Costs and benefits of each option

Option 1 – Maintain the status quo

Costs 

27.   If this option were adopted, all providers of generic calculators (other than superannuation calculators) would be caught by the licensing regime. This would result in industry participants that are not able to benefit from the exemptions already provided (see paragraph [11]) having to comply with the full licensing, conduct and disclosure requirements of the Corporations Act. The cost of compliance may be substantial, potentially including:

(a) Permission costs

·        electronic application for an Australian financial services (AFS) licence for a body corporate, partnership or trustee is $270 and $150 for an individual;

·        paper-based application for an AFS licence for a body corporate, partnership or trustee is $540 and $330 for an individual;

·        costs of hiring staff to make applications;

(b)   Purchase costs

·        meeting financial requirements in accordance with Policy Statement 166 Licensing: Financial requirements  [PS 166];

·         setting up and maintaining adequate compliance systems (e.g. in accordance with Policy Statement 164 Licensing: Organisational capacities [PS 164]);

·        any external advice (such as legal advice, auditing, etc.);

(c)   Education costs

·        ensuring employees meet training and educational requirements (e.g. in accordance with Policy Statement 146 Licensing: Training of financial product advisers [PS 146]);

·        creating and updating training plans for employees to be trained;

(d)   Publication and documentation costs

·        preparing, producing and issuing FSGs;

·        preparing, producing and issuing SOAs to consumers;

(e)   Record keeping costs

·        Keeping financial records to comply with licence conditions;

·        Keeping training plans for assessment once every five years.

Many providers of generic calculators will already be licensed to provide advice because they provide advice through means other than calculators. Hence, they may not incur the above costs solely in relation to their provision of generic calculators.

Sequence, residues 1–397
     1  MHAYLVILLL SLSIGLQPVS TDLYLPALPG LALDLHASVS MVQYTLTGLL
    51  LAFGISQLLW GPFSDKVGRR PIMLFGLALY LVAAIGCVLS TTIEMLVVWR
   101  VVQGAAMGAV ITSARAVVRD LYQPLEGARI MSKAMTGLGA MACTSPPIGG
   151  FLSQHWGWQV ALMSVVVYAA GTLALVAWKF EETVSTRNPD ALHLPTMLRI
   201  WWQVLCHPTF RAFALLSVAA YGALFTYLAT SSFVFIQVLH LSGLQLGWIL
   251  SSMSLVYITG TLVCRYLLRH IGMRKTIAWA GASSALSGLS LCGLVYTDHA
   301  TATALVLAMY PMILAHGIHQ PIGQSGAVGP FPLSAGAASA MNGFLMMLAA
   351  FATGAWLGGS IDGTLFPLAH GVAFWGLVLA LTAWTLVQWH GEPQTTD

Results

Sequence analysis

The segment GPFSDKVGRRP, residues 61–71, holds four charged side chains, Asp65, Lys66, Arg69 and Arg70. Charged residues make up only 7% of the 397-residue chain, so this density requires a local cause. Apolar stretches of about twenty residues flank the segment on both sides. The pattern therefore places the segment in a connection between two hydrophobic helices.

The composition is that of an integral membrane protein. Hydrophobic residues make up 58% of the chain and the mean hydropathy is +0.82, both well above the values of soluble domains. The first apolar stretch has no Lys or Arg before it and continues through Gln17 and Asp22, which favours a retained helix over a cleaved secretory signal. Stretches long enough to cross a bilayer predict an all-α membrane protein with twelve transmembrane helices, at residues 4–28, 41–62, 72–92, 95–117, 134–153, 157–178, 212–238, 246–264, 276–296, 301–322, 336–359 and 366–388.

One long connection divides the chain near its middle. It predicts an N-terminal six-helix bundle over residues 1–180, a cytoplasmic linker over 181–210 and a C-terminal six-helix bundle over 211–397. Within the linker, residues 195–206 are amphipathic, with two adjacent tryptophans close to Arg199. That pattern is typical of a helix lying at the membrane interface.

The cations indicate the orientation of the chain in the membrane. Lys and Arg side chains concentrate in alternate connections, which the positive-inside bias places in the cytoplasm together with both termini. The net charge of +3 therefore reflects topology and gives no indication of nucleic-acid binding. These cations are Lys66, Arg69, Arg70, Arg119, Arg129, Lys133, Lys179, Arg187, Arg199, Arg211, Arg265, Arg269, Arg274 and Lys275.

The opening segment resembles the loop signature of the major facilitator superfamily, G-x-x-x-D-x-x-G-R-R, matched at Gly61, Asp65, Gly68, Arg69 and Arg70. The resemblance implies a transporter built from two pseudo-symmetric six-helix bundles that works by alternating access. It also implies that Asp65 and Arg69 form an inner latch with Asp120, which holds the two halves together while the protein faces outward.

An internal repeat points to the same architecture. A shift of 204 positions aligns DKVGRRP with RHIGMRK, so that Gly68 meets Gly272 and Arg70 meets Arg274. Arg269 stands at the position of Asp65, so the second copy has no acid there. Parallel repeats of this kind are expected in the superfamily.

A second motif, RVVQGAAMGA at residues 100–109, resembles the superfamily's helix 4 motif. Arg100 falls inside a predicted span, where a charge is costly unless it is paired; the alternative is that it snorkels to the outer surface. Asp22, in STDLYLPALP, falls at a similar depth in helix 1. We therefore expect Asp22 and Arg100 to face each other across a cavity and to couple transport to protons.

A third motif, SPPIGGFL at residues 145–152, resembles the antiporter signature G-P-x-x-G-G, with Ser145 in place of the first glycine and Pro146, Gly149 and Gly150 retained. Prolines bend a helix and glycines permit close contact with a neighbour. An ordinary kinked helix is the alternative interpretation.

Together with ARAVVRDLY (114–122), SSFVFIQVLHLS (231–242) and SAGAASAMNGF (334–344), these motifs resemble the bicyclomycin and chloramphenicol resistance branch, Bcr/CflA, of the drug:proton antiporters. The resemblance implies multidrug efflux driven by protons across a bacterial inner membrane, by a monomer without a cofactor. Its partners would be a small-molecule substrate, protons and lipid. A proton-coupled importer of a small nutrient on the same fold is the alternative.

Note: We cannot quantify all of the above costs because ASIC does not have the necessary information to enable quantification.

28.   Providers of generic calculators that provide personal advice will also incur costs adapting their calculators to comply with the personal advice requirements. These costs are mainly purchase costs, involving the cost of adapting the technology of the calculator, such as:

(a)   adapting the calculator so that it can produce an SOA;

(b)   adapting the calculator so that it complies with the suitability of advice requirements by, for example:

(i)     additional questions to cross-check information entered by the user;

(ii)    warnings if the user enters information that is outside reasonable parameters; or

(iii)   restrict access to the calculator to ensure that, as far as reasonably practicable, only clients with an appropriate level of financial knowledge can access the calculator.

Note: We cannot quantify these costs.  They will depend on the nature of the calculator and we do not have the necessary information to enable such quantification. Costs may include internet technology, legal, and possibly, actuarial costs.

29.   The cost of complying with the licensing, conduct and disclosure requirements may be passed on to consumers. In some cases, generic calculators may be withdrawn due to the operating costs. This may restrict access to useful information provided by generic calculators, which would be disadvantageous to consumers.